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China: “Do you have memories from before you were kidnapped?”

A girl plays the violin at a train station in Beijing

A girl plays the violin for change at a train station in Beijing. Screenshot from documentary trailer shot in November 2010

If you’ve ever visited a Chinese city, you will see children begging or performing with musical instruments near train stations or on crowded streets for spare change. What you’ve witnessed is the tip of a serious and tough problem in China – the kidnapping and selling of children.

In early 2009, the public security authorities in China have implemented an anti-kidnapping campaign. At the end of 2010, official figures (not necessarily reliable) showed that 9,165 cases of trafficked women and 5,900 cases of trafficked children were uncovered; 9,388 children and 17,746 women were rescued, and 3,573 criminal kidnapping gangs were destroyed.

The true number of kidnapped children is likely to be much higher than the number rescued. According to some estimates, as many as 70,000 children in China are abducted by gangs each year.

What is fuelling this child kidnapping? Thanks to the one-child policy, and Chinese traditions placing huge pressure on families to have sons, stolen children are often sold into new families. On the other hand, kidnapped girls are often sold into areas where there is a surplus of unmarried men. Still many others are sold into street performance, begging or prostitution.

Telling their story

The child kidnapping issue is the theme of an upcoming documentary called “Living with Dead Hearts: The Search for China's Kidnapped Children” by Charles Custer.

Custer is an American strongly interested in China. Currently based in Beijing, he runs the successful blog ChinaGeeks, which offers translation and analysis of the China blogosphere. For his documentary, Custer wants to go beyond statistics and analysis. By focusing on the personal and emotional side of the stories, he wants to attach real faces to these social problems.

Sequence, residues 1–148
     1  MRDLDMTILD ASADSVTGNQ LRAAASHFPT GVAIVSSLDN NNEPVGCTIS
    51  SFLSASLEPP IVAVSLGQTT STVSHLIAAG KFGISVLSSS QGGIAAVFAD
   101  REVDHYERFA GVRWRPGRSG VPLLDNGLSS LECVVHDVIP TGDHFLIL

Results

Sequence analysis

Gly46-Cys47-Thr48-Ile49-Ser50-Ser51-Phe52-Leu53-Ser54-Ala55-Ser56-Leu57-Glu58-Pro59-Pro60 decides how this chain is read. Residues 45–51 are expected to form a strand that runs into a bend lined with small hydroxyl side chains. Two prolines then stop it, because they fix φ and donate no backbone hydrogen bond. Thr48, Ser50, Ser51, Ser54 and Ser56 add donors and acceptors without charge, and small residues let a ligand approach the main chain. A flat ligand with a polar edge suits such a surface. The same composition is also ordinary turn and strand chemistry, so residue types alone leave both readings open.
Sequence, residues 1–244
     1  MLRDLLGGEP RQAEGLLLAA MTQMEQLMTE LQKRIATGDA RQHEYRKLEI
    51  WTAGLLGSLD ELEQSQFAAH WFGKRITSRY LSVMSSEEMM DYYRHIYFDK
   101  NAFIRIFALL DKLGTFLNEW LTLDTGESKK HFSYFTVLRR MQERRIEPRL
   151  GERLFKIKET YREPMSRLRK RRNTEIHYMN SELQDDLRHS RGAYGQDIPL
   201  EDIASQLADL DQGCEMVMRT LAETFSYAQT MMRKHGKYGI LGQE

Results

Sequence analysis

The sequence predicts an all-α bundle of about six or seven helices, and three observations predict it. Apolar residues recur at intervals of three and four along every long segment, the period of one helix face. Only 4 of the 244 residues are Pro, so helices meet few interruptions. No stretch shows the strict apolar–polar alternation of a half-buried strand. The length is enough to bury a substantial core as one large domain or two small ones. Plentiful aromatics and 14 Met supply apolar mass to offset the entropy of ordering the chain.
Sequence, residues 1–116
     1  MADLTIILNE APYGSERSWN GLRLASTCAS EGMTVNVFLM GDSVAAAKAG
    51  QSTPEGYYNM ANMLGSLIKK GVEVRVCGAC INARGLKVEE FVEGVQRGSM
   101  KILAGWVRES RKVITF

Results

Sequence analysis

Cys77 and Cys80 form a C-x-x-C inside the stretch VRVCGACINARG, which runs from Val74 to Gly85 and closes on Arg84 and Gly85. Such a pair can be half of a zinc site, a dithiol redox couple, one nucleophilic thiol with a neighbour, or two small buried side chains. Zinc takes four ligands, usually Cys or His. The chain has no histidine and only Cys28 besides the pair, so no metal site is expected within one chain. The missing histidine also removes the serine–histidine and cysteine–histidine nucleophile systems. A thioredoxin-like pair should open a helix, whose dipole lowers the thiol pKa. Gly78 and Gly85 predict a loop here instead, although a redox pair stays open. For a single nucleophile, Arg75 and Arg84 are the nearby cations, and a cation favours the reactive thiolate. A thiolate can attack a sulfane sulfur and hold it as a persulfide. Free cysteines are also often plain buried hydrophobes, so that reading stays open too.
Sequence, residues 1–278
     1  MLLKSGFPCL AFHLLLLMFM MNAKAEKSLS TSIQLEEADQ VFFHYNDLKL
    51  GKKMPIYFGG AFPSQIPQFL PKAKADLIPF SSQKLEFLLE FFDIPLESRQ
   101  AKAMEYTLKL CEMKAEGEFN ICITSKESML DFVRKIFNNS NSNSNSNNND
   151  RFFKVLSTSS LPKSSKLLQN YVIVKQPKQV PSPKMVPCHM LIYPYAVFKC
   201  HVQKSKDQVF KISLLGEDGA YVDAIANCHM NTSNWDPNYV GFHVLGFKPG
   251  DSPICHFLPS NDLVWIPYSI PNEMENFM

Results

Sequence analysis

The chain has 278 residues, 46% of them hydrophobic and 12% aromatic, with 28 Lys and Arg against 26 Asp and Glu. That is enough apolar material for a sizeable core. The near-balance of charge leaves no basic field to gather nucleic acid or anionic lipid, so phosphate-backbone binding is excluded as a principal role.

At the end of last year, Custer launched a fundraising appeal on Kickstarter to make the documentary. Following generous responses of more than 100 people, the project has successfully raised more than $8,500, and Custer has since then spent much of his free time tracking, interviewing and filming parents and kidnapped children.

This month, the film crew has put together an update together with an early trailer of the film:

Their goal is for viewers abroad to be able to relate to Chinese people as individuals after watching the documentary. They would be able to see, for example, how the parents of kidnapped children feel with questions like, “When did you discover your daughter was missing? Could you tell us more about your daughter’s character and hobbies? What methods have you tried to look for her apart from reporting to the police and the school? How do you plan to keep looking?” Or how kidnapped children feel as adults: “Do you have memories from before you were kidnapped? Do your current “parents” remember from whom you were purchased? And how do they feel about it now?”

If you care about this issue, you can see how Custer is progressing on the documentary at the dedicated website www.livingwithdeadhearts.com, or learn more about kidnapped children in a special section of ChinaGeeks.org. If you wish to show your support, visit the Chinese charities Baby Come Home and Xinxing Aid, which support kidnapped and street children in various ways.

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